GALVESTON — Did you see Godzilla last weekend? You probably did.  I went and saw it Sunday afternoon.

I’m not exactly sure I saw a good movie, but the climactic battle between the King of All Monsters and the evil giant bug things was very enjoyable. A couple blasts of atomic energy washes away all that unnecessary human drama.

But the city reporter in me — the one who is gearing up for another hurricane season — couldn’t help but think that the fictional San Francisco in the movie seemed to have a really poor evacuation plan.

In the movie, following a devastating monster attack in Honolulu, Hawaii, the U.S. Navy determines that Godzilla is going to end up in San Francisco within 48 hours. We know this because they show a computer generated-tracking model to shows the possible paths he might take to make landfall.

The  buildup to this landfall event involves a lot of locking and loading. Bombs are redesigned. Battle plans drawn. Hand-wringing is in no short supply. What we don’t see is what brings we to my point, if San Francisco knew that a natural disaster was approaching 48 hours in advance; they sure didn’t seem to have a good evacuation plan.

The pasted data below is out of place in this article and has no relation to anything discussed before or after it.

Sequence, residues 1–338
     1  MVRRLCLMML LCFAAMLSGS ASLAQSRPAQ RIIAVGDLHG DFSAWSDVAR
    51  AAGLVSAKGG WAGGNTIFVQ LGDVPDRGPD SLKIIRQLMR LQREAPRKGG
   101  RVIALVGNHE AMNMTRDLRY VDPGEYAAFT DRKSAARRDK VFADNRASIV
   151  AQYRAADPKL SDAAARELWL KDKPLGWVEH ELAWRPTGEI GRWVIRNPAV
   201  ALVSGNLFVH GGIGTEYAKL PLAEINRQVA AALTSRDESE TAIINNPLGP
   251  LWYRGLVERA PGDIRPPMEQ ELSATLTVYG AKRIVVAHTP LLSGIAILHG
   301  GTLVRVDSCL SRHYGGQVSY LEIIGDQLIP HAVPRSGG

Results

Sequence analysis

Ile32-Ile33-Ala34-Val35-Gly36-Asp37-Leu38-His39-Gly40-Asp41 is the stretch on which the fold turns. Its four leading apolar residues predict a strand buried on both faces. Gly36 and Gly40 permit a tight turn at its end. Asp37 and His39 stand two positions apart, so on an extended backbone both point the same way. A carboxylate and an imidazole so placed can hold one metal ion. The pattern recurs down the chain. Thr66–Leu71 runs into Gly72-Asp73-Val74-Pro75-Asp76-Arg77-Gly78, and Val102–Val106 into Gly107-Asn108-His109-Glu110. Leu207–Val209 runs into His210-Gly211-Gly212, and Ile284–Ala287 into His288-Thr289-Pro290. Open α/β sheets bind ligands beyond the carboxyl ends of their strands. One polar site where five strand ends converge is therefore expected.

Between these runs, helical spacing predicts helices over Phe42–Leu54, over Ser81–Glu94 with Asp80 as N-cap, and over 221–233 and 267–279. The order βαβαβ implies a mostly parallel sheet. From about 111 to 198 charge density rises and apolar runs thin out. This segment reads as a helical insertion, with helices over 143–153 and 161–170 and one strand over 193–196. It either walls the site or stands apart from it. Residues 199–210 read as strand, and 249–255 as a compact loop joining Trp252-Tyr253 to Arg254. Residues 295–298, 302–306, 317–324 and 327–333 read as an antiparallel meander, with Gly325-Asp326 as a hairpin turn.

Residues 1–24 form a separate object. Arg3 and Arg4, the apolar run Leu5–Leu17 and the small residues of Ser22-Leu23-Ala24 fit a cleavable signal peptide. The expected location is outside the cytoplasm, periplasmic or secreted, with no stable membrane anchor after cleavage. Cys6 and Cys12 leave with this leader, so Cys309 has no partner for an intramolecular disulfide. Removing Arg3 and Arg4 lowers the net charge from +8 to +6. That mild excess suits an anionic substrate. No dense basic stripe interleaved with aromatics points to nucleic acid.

As Godzilla arrives, the fictionalized San Francisco is still teeming with people. The Golden Gate Bridge is packed with fleeing drivers (and for some reason half the lanes are closed to traffic). People are sent underground or to a local football stadium for safety. Hospitals are left occupied, except for the children, who are separated from their parents and put on a bus — which immediately takes them to the Golden Gate Bridge.

These are not people who didn’t have a warning. An entire city had just been destroyed and the news was being broadcast non-stop on the movie’s news stations.

Still, there were people that chose to stay behind.